In the Caribbean, a young black kid finds it hard to get a job, if they’re not educated. And I wouldn’t stand for that. Because I believe in everyone helping everyone else to make the world whole. I saw said waiter’s face. Every night. I couldn’t stomach the revelation and I guess, having everyone look at me like a freak, like the wrong one – well, it eroded my sanity. I mean, seriously, you cost someone a job…you never know what could happen. And his face plagued me for months. I cried myself to sleep trying to think she was better than that. Believing that she wasn’t one of them. I fought my very fabric.

March 17, 2013. Two years went down the drain. We fought on her birthday. A Sunday. Tons of gifts. Tons of band merch. And a letter asking her to officially be my significant other. Down the drain. We tried to work it out. A week later, I turned down a HUGE LUCRATIVE job offer just to go see her and eat the birthday cake we never did. It was dour. But we were still together. Two days later, she wrote 1000 words of why I was the one NOT for her. And ended it. Over the phone.

And I haven’t seen her in person since.

“If we ever break up, it’ll take years to let my guard down. You mean so much to me.”

Her biggest lie. By May 2013, she had a new boyfriend.

I was left closing down a bank account I started for a ring, a lavish wedding she wanted and for many other things. I remember listening to We Were Promised Jetpacks in 2011 thinking that leaving a 25k job in engineering to write for 2k a month was madness. Why? Because I worked incessantly and my family never suffered a financial strain. It felt like I was cheating the system and winning. Being the lone breadwinner, I took care of mom, dad and my sister. And my 2 dogs or as I call them, little brothers. Weird thing is, I always budgeted for my girlfriend first. Then my family. I was there for her every step of the way in school, with her family and for every little thing that went wrong in her life. I’d never even sleep until she hit the 4am bed, even when I had an 8am job. I got nothing emotionally in return. But while she woke, I’d be listening to Music. To indie. Post-hardcore…and such. And writing a boatload of reviews.

“Call Me In The Morning” was our Taking Back Sunday jam. We said we’d dance to it at our wedding. “Book of Love” was another. Said we’d build an art studio for artsy kids and raise them good and well. Looking back now, this all seems like I tripped on acid and made stuff up.

A couple dead uncles a year into our romance and you know what I got? Her and her family telling me they didn’t attend ANYTHING with the bereaved because I never extended an invitation. I had Music though. I needed it to be my companion against these people. Why did I stay? Well, George Michael. Faith. Ironic, right?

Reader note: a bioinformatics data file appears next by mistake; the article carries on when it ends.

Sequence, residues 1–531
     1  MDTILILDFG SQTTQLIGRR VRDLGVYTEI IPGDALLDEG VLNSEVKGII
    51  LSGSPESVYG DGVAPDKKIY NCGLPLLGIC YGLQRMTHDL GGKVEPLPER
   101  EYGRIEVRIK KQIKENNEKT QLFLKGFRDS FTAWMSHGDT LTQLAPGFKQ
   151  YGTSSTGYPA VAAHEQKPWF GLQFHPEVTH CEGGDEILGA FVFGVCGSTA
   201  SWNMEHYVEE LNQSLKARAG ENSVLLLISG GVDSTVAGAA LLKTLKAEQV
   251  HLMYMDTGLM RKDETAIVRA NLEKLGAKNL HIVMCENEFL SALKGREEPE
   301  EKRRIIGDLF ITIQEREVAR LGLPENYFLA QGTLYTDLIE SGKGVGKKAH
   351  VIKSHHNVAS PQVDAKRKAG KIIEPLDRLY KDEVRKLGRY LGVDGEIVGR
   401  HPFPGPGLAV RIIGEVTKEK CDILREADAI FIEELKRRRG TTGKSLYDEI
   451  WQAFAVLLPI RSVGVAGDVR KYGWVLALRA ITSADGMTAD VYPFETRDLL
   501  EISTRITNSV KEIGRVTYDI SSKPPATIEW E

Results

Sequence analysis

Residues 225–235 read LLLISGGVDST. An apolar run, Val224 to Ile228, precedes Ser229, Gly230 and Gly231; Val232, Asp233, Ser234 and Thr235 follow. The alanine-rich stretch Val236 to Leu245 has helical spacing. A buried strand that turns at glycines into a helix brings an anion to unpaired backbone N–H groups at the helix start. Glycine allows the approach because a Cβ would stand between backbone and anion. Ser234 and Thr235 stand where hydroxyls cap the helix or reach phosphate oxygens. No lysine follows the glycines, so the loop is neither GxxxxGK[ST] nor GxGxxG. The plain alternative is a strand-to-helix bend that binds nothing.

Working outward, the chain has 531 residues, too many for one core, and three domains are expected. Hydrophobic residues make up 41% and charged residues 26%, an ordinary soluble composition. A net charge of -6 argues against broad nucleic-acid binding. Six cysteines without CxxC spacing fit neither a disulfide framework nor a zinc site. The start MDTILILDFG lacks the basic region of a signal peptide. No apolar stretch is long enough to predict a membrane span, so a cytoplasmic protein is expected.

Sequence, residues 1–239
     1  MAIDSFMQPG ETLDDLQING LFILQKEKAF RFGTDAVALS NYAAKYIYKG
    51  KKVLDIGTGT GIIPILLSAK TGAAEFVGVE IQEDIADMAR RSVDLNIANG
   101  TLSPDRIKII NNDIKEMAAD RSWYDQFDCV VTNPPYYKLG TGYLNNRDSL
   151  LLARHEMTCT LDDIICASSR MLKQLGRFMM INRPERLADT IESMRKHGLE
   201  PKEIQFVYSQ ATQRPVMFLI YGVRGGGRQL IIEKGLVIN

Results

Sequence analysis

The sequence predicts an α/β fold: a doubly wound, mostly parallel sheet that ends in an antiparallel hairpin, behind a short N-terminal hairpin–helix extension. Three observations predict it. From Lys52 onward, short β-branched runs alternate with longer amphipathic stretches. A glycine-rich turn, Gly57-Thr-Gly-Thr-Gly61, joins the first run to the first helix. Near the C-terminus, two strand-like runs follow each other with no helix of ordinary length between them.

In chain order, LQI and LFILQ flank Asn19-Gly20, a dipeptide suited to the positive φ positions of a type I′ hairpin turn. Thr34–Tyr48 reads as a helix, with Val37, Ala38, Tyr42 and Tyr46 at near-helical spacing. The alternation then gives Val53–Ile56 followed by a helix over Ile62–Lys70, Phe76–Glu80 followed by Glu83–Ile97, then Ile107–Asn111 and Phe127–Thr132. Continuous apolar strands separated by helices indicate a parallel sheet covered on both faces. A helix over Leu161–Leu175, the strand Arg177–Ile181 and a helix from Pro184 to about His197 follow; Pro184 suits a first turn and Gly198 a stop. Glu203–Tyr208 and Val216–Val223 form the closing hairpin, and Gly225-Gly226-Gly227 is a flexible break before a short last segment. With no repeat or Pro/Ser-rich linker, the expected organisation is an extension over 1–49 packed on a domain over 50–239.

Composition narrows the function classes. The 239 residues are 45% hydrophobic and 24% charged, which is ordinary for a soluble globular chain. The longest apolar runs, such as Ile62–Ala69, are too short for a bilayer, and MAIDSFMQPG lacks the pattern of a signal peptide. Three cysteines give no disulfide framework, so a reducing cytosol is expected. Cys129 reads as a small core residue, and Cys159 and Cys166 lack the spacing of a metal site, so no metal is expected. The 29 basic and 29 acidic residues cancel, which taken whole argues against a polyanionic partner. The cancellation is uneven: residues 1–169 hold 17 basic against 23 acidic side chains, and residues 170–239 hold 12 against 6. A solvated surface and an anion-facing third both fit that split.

So yeah, that was our relationship. And when August 2013 hit, that’s when I couldn’t write again. I dropped job after job. Delayed deadlines on personal graphic novels and charity work. And began dissembling bit by bit. I connected with nothing. No art, no music. Not a thing.

Seeing an image online with her and her boyfriend crushed me.

And when I hit rock bottom in September 2013, it wasn’t drugs, it wasn’t anything substance-related. It wasn’t even missing her. It was just about being lost. The one thing I believed in was a charade. That fundamental principle called Love was a lie. I based every fibre of myself on that principle that one day I’d find it, no matter how bad a person I was. And I tried to be a better man for her. But maybe I should have been for myself. Either way, no one deserves that cavity in the chest. Not even our worst enemies.

My videographer took me in and lent me a shoulder to cry on. So did another friend of mine. An artist. They took care of me because for the first time ever in Life, I was crumbling. I never experienced pain like this before. I shieded away from Music. And that’s when I knew things were near irreparable.

It took trips to Barbados, sport journalism with ESPN and a reluctant dive back into music reviews to get me kickin’. And slowly but surely I did. You know why?

Jeremy Bolm delivered a record. Touche Amore gave me Is Survived By. It was about leaving your legacy on the world. Changing it for the better and relying on no one but yourself. Every song hit me. Every song felt like a new breath. Every song was my lungs expanded again. It purged antidepressants and brought the colour and taste back. Every lyric was as powerful as one could imagine. It was a record that drove me. That nurtured me. It resuscitated me. It was a slow healing process and I would come back feeling energetic again in February 2014. That’s how long it took.

Even then, I’m sure no one who knows me would ever think I was suffering inside like that. I never spoke about it. Still don’t. But now, I know if and when I need to, I will. I can. I realized there’s always someone to talk to. A stranger. An artist. A record. Yourself. A friend. Family.